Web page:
Therein lies the issue with Vapiano and the reason why we stopped going all those years ago. When you are sitting in a restaurant, you're not aware of the time passing between ordering and having your meal cooked.  It's a very different proposition when you have to queue to order your food, then wait patiently while its cooked, or worse, if you are a few back in the queue, watch others meals get cooked before you can even order.  It can get a little frustrating and I have to applaud the chefs, who manage these queues really well and with smiles on their faces.

Our pastas were both pretty good, with the sauce from my ravioli con carne being quite punchy with a beautiful tomato base and just the right amount of seasoning.  I probably made an error getting the beef ravioli, which I found to be just a little dry, even though the pasta was al dente.  I think a fettuccine would have been a great match for the light tomato cream sauce.  

SC did enjoy here fettuccine carbonara, which had some beautiful Aussie bacon as well as the onions, egg and cream sauce.  I think I suffered a little when I sampled her carbonara, even thought the past was cooked perfectly, it tasted a little plain after eating my punchy dish.

We finished off our meal with some pre-made desserts, SC ordering the tiramisu, while I ordered a totally delicious mascarpone, whipped cream and strawberry concoction that was waaaay too sweet, but went down wonderfully nevertheless.

I'm not sure what I think about Vapiano.  It's certainly not a restaurant that I'd normally get along to these days, but it does fill a void in the CBD, that of a quick and relatively cheap pizza and pasta joint where young people can hang out, have a decent cheap feed and have access to a bar.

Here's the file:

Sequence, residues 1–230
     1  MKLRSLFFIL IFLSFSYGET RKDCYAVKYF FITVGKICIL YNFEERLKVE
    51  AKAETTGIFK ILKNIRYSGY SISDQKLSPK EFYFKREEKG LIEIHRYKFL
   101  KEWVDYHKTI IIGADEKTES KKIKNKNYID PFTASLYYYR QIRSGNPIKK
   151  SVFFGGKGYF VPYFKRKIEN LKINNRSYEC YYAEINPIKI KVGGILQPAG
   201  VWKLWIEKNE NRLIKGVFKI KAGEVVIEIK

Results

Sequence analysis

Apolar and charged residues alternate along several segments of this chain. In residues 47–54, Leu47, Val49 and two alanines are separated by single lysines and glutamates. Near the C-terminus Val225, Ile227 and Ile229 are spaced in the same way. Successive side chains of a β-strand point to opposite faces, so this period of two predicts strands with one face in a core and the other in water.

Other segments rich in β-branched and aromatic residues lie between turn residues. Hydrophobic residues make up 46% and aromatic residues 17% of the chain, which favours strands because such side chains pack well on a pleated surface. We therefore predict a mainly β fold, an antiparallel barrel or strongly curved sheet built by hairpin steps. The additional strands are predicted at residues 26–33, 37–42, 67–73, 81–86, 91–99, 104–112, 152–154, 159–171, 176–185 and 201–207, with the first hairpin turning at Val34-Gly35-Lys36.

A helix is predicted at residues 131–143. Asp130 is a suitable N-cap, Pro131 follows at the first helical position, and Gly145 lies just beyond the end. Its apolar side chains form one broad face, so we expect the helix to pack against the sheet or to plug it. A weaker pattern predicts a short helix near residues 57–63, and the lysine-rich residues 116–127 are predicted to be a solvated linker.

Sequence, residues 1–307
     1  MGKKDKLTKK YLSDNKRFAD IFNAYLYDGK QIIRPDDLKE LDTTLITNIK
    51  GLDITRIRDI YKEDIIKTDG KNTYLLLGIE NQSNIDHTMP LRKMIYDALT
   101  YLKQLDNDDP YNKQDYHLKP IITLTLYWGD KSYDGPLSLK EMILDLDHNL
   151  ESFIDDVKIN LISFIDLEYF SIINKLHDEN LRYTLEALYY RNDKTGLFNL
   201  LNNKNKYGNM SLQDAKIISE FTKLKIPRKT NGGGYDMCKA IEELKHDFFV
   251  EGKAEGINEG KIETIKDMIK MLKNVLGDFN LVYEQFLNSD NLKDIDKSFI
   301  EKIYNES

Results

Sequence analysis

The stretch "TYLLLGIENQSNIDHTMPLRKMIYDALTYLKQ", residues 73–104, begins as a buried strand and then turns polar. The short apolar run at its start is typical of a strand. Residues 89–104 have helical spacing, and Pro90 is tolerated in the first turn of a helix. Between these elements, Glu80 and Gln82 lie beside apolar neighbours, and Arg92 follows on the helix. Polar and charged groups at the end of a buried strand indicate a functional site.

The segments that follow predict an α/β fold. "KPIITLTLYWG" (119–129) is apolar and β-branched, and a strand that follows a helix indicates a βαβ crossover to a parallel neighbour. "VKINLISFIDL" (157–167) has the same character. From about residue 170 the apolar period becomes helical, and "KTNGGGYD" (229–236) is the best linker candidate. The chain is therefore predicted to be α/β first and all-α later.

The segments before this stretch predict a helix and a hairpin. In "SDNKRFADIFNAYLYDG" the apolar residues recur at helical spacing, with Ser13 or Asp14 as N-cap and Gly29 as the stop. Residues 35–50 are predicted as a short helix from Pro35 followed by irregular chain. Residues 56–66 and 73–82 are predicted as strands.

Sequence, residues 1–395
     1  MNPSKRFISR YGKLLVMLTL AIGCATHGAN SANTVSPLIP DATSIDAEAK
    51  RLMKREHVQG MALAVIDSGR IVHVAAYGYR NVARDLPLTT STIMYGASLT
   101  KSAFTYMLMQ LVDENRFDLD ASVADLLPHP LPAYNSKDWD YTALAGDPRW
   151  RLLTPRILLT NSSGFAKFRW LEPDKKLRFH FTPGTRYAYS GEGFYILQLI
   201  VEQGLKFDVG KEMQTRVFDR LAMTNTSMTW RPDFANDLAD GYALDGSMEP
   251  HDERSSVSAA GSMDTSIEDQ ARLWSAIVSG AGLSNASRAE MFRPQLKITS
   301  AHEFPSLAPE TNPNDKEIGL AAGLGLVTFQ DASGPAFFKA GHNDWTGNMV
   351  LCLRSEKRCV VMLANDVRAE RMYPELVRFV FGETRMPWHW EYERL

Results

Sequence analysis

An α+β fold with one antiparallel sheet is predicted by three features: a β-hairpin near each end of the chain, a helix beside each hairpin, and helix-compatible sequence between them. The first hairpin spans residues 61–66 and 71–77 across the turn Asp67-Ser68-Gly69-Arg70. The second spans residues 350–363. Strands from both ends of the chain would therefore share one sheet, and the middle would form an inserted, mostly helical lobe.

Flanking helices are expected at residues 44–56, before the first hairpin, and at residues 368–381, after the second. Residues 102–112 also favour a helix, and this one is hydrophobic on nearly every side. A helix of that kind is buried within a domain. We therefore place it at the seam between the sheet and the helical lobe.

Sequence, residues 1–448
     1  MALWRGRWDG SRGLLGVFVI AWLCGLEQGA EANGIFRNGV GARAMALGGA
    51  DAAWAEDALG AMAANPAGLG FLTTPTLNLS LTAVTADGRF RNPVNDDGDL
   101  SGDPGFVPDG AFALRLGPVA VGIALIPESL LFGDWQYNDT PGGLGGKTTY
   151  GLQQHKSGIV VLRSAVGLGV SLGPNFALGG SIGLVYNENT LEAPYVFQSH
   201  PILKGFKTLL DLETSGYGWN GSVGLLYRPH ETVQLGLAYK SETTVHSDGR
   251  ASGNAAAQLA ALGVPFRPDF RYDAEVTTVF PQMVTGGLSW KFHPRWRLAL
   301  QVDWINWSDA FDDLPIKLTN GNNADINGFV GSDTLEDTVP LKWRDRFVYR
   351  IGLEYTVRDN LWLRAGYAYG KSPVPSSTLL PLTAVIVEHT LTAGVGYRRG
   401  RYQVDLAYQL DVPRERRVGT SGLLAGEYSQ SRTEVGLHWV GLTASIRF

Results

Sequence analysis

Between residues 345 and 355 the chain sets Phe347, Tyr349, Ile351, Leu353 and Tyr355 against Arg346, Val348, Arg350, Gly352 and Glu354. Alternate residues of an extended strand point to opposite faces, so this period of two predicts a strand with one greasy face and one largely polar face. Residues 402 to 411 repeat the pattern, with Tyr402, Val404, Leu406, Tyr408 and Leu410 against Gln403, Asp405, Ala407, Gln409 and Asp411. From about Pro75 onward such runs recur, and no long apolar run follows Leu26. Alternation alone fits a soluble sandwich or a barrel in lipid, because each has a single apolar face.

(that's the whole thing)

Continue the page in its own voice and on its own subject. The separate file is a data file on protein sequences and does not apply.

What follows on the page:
I find it interesting that a worldwide Italian restaurant chain was established by a couple of Germans, it really does boggle my mind a bit.  I think the concept is very German though, with the intent that it would be an efficient way of running a kitchen, essentially cutting out the middle man (wait staff).  I do find it a bit draconian though, everyone is issued with a pass that you need to scan in for each purchase and then each person needing to present their card on the way out..... It just seems so Orwellian!

Whatever my personal thoughts, Vapiano is a very cool looking spot.  I love the idea that herbs and vegetables used in the cooking process are grown at each of the tables and there is no doubting that the food is fresh and mostly tasty.  It's an interesting concept that doesn't seem to have caused it too many problems, except on those occurrences when you're at the back of the line, watching everyone else's food being cooked.....  Yep, then it's a problem.

Lots of fresh ingredients for the pasta sauces
Each chef has two wok style cooking stations to work with
Our pasta dishes were cooked pretty well
The desserts were all pre made - but this is fairly normal in some Italian restaurants
Many different styles of pasta on offer
Fresh herbs for the cooking abound inside Vapiano 
Including at many of the dining tables 
Once made, each of the pastas find their way to the kitchen area in little baggies..
Its all a bit of a weird process, I think I prefer a more traditional restaurant arrangement

Vapiano on UrbanspoonVapiano Brisbane